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Horm Behav. 2016 Jan;77:42-52. doi: 10.1016/j.yhbeh.2015.05.022. Epub 2015 Jun 27.

Natural variation in maternal care and cross-tissue patterns of oxytocin receptor gene methylation in rats.

Author information

1
Department of Psychology, Neuroscience Program, Smith College, Northampton, MA, USA; Robert Wood Johnson Health and Society Scholars Program, University of California, Berkeley and San Francisco, CA, USA. Electronic address: abeery@smith.edu.
2
Centre for Molecular Medicine and Therapeutics, Department of Medical Genetics, and Child and Family Research Institute, University of British Columbia, Vancouver, BC, Canada.
3
Robert Wood Johnson Health and Society Scholars Program, University of California, Berkeley and San Francisco, CA, USA; School of Public Health, University of California, Berkeley, CA, USA.

Abstract

This article is part of a Special Issue "Parental Care". Since the first report of maternal care effects on DNA methylation in rats, epigenetic modifications of the genome in response to life experience have become the subject of intense focus across many disciplines. Oxytocin receptor expression varies in response to early experience, and both oxytocin signaling and methylation status of the oxytocin receptor gene (Oxtr) in blood have been related to disordered social behavior. It is unknown whether Oxtr DNA methylation varies in response to early life experience, and whether currently employed peripheral measures of Oxtr methylation reflect variation in the brain. We examined the effects of early life rearing experience via natural variation in maternal licking and grooming during the first week of life on behavior, physiology, gene expression, and epigenetic regulation of Oxtr across blood and brain tissues (mononucleocytes, hippocampus, striatum, and hypothalamus). Rats reared by "high" licking-grooming (HL) and "low" licking-grooming (LL) rat dams exhibited differences across study outcomes: LL offspring were more active in behavioral arenas, exhibited lower body mass in adulthood, and showed reduced corticosterone responsivity to a stressor. Oxtr DNA methylation was significantly lower at multiple CpGs in the blood of LL versus HL males, but no differences were found in the brain. Across groups, Oxtr transcript levels in the hypothalamus were associated with reduced corticosterone secretion in response to stress, congruent with the role of oxytocin signaling in this region. Methylation of specific CpGs at a high or low level was consistent across tissues, especially within the brain. However, individual variation in DNA methylation relative to these global patterns was not consistent across tissues. These results suggest that blood Oxtr DNA methylation may reflect early experience of maternal care, and that Oxtr methylation across tissues is highly concordant for specific CpGs, but that inferences across tissues are not supported for individual variation in Oxtr methylation.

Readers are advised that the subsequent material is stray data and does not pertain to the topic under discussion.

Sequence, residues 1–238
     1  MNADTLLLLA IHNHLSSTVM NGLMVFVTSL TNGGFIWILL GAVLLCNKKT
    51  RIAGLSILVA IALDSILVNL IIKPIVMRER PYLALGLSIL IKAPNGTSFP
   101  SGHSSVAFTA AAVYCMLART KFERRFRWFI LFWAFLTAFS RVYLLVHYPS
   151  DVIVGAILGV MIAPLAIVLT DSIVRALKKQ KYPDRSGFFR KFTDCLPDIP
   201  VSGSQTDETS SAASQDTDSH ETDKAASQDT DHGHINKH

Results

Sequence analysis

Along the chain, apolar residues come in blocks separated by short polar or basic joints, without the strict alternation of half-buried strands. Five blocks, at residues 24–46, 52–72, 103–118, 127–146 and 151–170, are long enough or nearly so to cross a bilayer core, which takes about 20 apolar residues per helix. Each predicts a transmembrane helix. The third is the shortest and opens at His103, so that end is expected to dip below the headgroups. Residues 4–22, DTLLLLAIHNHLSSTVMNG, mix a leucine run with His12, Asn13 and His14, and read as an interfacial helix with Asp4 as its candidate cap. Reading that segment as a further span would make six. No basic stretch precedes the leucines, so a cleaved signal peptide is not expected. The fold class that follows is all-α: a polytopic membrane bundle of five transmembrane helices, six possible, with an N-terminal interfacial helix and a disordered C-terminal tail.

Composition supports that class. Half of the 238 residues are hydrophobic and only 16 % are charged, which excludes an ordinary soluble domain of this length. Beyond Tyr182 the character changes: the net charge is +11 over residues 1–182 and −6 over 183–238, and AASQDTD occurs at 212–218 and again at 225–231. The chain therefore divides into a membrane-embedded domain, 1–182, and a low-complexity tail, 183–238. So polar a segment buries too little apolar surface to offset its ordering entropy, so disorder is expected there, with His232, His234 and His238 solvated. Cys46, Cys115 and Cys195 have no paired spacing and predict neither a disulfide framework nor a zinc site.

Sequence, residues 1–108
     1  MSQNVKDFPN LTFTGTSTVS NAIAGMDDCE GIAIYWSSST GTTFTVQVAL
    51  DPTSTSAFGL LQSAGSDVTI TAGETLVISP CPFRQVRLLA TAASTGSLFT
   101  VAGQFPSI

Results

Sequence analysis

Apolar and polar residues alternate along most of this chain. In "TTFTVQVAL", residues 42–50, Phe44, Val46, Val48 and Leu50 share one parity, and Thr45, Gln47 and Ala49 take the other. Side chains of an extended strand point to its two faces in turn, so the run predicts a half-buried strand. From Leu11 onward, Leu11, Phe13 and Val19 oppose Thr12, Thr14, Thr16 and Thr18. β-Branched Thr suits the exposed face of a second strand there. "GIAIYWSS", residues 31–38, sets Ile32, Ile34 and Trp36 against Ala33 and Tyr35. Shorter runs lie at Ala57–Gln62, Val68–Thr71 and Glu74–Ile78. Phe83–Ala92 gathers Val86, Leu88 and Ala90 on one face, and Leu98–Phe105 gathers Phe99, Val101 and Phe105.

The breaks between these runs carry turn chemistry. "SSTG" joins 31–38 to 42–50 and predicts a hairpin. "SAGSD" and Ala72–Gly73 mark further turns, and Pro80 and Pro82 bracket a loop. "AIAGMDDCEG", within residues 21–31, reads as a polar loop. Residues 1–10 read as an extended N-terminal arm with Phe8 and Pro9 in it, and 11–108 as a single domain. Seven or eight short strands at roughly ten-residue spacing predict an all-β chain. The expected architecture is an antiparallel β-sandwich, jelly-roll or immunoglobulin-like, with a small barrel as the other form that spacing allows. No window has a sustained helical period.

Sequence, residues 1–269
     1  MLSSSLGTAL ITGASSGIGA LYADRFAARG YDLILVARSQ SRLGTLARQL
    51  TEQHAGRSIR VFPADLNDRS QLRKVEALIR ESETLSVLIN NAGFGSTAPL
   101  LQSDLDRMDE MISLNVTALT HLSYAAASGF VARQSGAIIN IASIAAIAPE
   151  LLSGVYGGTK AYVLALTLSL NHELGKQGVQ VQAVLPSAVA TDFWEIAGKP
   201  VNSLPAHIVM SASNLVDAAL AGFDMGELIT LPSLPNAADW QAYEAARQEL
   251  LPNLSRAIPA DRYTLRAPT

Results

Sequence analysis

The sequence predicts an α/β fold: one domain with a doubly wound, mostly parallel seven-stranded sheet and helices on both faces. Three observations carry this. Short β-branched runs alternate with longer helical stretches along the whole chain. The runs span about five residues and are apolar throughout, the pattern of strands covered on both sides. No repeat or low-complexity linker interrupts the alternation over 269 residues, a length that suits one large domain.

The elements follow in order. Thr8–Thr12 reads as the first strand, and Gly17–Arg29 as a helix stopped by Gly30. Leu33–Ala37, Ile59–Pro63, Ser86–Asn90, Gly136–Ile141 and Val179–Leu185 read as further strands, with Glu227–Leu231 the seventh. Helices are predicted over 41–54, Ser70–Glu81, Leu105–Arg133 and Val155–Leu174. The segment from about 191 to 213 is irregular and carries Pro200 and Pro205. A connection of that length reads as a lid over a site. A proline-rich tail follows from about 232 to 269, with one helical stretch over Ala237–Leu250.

KEYWORDS:

Anxiety behavior; Concordance; Cross-tissue; DNA methylation; Epigenetic; Maternal care; Natural variation; Oxtr; Oxytocin; Oxytocin receptor

PMID:
26122287
PMCID:
PMC4691570
DOI:
10.1016/j.yhbeh.2015.05.022
[Indexed for MEDLINE]
Free PMC Article

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